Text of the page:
Proposal for Pension Benefit Changes Would Create ‘Uncertainty’
In a letter sent to California Attorney General Kamala Harris (D) on Tuesday, legislative analyst Mac Taylor said the effects of a potential ballot proposal that would make changes to pension benefits, including health insurance, are unclear, the Sacramento Bee's "The State Worker" reports (Ortiz, "The State Worker," Sacramento Bee, 7/29).
Background on Plan
The plan, proposed by former San Jose Mayor Chuck Reed (D) and former San Diego council member Carl DeMaio (R), would require California to put any proposed pension and retirement benefit changes to a public vote.
Under the proposal, which seeks to cut rising retirement costs, "defined-contribution" plans would become the default retirement program for state and local employees hired after Jan. 1, 2019. Employers would need voter approval to add new workers to "defined-benefit" plans, which currently are common for government employees.
In addition, the plan would prevent:
- Government employers from paying more than 50% of retirement benefits without voter approval; and
- Lawmakers and government agencies from filing lawsuits or pursuing other actions to interfere with voter-approved ballot measures related to state employee compensation or retirement benefits (California Healthline, 6/5).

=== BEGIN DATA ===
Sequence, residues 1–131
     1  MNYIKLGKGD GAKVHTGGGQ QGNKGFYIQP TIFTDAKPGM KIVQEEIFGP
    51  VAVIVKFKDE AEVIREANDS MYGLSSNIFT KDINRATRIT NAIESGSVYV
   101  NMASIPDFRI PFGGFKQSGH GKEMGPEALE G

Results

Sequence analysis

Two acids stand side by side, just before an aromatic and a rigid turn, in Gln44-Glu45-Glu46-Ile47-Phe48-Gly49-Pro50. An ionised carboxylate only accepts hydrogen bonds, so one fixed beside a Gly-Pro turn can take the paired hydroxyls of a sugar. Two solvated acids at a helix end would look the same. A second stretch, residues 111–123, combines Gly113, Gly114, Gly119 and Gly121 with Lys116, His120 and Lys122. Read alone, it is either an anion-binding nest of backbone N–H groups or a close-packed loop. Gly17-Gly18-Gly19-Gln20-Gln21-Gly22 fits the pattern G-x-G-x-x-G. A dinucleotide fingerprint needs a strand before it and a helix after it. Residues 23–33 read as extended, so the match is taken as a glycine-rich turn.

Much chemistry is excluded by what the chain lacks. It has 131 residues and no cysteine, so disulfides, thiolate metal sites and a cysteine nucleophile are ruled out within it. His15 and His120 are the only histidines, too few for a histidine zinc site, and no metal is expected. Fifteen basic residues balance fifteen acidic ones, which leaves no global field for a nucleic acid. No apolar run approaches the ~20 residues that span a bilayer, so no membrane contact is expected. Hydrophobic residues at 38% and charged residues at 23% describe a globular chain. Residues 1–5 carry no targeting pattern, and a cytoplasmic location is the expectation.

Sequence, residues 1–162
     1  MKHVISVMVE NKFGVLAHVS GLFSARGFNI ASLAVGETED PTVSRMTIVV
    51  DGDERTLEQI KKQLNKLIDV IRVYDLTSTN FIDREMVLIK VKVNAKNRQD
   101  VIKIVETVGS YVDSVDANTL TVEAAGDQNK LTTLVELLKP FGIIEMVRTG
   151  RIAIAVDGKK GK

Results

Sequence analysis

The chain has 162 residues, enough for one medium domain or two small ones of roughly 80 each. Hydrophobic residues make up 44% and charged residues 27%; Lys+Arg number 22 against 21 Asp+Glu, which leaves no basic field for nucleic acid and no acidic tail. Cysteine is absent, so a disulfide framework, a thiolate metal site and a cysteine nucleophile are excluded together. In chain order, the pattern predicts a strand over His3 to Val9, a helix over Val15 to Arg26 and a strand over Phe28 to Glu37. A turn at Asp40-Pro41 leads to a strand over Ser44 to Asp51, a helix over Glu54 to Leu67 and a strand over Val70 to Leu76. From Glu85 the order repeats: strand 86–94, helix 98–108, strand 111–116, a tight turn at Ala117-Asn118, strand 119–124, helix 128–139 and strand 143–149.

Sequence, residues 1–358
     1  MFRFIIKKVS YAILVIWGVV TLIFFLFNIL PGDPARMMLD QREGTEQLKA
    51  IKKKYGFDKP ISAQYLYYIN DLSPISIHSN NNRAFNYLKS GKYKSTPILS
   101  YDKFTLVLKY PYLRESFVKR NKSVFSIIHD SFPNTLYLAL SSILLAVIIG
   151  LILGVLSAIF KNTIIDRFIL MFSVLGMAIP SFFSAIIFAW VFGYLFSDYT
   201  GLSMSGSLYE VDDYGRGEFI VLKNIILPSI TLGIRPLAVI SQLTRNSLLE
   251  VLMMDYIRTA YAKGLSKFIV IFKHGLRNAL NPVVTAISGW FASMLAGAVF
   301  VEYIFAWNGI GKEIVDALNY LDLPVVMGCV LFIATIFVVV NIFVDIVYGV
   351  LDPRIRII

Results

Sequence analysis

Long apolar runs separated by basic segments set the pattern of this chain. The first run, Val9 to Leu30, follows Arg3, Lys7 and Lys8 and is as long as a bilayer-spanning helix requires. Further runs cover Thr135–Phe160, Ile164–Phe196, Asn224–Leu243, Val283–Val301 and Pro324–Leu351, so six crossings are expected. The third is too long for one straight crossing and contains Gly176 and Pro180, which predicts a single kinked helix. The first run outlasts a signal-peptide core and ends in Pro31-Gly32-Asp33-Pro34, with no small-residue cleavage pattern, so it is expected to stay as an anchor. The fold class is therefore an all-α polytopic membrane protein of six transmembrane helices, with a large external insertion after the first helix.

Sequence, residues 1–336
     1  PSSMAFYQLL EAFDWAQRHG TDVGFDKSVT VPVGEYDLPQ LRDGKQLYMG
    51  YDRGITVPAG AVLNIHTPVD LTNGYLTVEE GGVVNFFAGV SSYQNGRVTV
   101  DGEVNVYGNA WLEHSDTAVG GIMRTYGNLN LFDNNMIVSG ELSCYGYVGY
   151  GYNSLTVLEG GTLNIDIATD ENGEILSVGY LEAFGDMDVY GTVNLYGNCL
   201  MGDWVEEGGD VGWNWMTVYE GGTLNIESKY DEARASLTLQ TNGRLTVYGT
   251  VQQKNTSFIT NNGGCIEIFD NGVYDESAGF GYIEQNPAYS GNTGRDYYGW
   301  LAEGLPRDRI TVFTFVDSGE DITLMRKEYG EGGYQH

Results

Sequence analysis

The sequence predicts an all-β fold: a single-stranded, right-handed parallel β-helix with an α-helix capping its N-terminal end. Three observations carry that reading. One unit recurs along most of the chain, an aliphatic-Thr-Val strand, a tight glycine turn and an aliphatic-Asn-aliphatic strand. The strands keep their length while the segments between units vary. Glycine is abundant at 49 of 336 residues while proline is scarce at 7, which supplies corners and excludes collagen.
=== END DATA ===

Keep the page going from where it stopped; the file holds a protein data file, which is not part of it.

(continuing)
According to "The State Worker," such provisions likely would significantly reduce pension and retiree health costs for state and local agencies. However, unions have lambasted the plan for its potential to undermine collective bargaining and cut public employees' compensation.
Harris has until Aug. 11 to issue a title and summary of the measure.
Details of Analysis
According to the letter, the pension proposal would result in "uncertainty" and various "trade-offs."
For example, Taylor's analysis notes that:
- If voters have final say on compensation, the result "could increase or decrease governmental employer costs";
- If approved, the measure likely would be challenged in court, subjecting it to more uncertainty;
- Requiring voter approval for labor agreements "could affect the dynamics at the collective bargaining table," which "likely would result in different outcomes"; and
- While the plan says it would not modify death or disability benefits, it does not necessarily protect those benefits from future changes made by the electorate or government employers ("The State Worker," Sacramento Bee, 7/29).
California Pensions Outpace National Trends
In related news, assets of California's state and local government pension programs grew by more than $100 billion in fiscal year 2013-2014, according to a report by the Census Bureau, the Sacramento Bee's "Capitol Alert" reports.
According to the report, payouts to California retirees rose by $3 billion, but pensions still saw significant asset gains because of:
- Additional contributions from government employers and workers; and
- An increase in investment earnings.
By the end of the fiscal year, California's pension system assets increased by 15.5% to $751.8 billion. In comparison, state and local pension funds nationwide experienced an average 12.8% increase.
According to "Capitol Alert," California's pensions systems likely will see more modest gains in the next fiscal year (Walters, "Capitol Alert," Sacramento Bee, 7/28).This is part of the California Healthline Daily Edition, a summary of health policy coverage from major news organizations. Sign up for an email subscription.